I believe it’s useful for understanding nature from a different perspective. My grandparents were farmers, and my grandmother taught me a lot about observing: how to plant, cultivate and take care of plants. This leads to an introspective exercise, to a different conception of time: “To develop certain images I need this type of leaves and they’ll need exposure to the sun for so many days”. Then it clouds over, and you have to wait. Or the seeds follow their process and deteriorate, like printing on watercress. You have to get used to the idea that temporary things can be the most sustainable, especially when it seems like they’re not worth it anymore. We have to change the discourse. This is a relevant problem and I believe that artists and researchers should promote it and send a message to the art market: “My work is temporary”. It’s important for the market to adapt to the artist, and not the other way around. The idea of producing for production’s sake is at the heart of the environmental crisis.
“You have to get used to the idea that temporary things can be the most sustainable, especially when it seems like they’re not worth it anymore”
Your project, The Pigment Change, prints images on plants. What’s your creative process like?
In the first chapter of the work, I ask myself two questions: “Do we really need to produce? Which is the role of artists in this environmental crisis?”. From there, I develop images of hands, as a symbol of production, on leaves that are preserved in bioresin. I observed that the plants that are facing north in my grandmother’s garden are the ones that take on the image better, because they’re not used to the sun. Chemically, there is a pigment change, as a survival mechanism, and that is what I use.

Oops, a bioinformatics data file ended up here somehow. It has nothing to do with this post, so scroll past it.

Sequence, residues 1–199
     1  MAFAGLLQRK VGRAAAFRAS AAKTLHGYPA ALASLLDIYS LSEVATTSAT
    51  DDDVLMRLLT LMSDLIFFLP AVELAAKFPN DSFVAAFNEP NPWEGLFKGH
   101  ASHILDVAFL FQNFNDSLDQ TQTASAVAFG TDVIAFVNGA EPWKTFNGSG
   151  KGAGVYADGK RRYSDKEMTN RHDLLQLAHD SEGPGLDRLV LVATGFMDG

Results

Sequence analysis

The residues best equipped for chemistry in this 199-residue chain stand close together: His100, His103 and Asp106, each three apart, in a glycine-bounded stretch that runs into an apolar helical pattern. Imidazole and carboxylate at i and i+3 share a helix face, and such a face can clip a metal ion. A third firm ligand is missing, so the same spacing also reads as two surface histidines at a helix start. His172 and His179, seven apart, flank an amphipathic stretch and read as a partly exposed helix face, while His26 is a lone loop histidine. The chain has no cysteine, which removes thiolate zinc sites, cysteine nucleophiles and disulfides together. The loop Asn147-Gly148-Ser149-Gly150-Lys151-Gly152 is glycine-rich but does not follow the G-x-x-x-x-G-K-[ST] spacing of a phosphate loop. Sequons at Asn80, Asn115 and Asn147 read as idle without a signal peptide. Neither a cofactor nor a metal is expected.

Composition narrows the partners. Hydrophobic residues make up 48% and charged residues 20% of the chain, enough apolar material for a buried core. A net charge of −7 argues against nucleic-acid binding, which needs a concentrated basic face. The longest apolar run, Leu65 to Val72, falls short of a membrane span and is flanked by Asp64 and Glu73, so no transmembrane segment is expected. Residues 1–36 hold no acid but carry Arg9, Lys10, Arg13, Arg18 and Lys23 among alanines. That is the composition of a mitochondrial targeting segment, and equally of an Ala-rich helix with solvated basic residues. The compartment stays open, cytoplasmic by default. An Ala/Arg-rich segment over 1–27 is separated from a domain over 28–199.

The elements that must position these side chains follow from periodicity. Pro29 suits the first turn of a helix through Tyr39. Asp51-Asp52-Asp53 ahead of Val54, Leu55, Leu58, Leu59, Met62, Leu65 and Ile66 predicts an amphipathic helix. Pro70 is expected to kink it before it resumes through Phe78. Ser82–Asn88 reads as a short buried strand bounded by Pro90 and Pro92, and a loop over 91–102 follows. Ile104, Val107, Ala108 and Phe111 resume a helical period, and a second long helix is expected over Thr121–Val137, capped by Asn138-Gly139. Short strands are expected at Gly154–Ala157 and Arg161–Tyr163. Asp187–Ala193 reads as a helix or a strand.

And how does that mechanism work?
Plants “break up” their chlorophyll and generate carotenes as a reaction to excess energy, to excess light. So that the sun does not interrupt the natural photosynthesis process, carotenes let the light through so that they don’t “burn”, so to speak. I look for plants that allow this pigment change and, on top of them, I place an acetate sheet where I’ve printed the image I’m looking for, and I expose them to the sun to make the most of that chlorophyll breakdown. Once the leaves have been printed, I submerge them in a 1% diluted copper bath so that the pigment becomes much more resistant to the amount of light in a gallery, for example.
When you were awarded the BMW 2020 Photography Residency with this project, did you face resistance due to the possibility that your final work may self-destruct?
Quite the opposite, they were very aware of this, and I received all kinds of help. The residency includes two programmed exhibitions, but they accepted that there was no produced work, so we decided to document the creation process. They knew from the beginning that I depend on the plants’ reaction and that there was a possibility that it wouldn’t work. After trying all kinds of mosses and leaves, it’s taken me eight months to find the watercress seed as a medium for the Family Album block, where I cast old family negatives. I enjoy printing on sprouted watercress because of the grain achieved, its grey scale and definition. But they only last around five days and then they rot. We’ll see if they’ll last for the exhibition days at Paris Photo.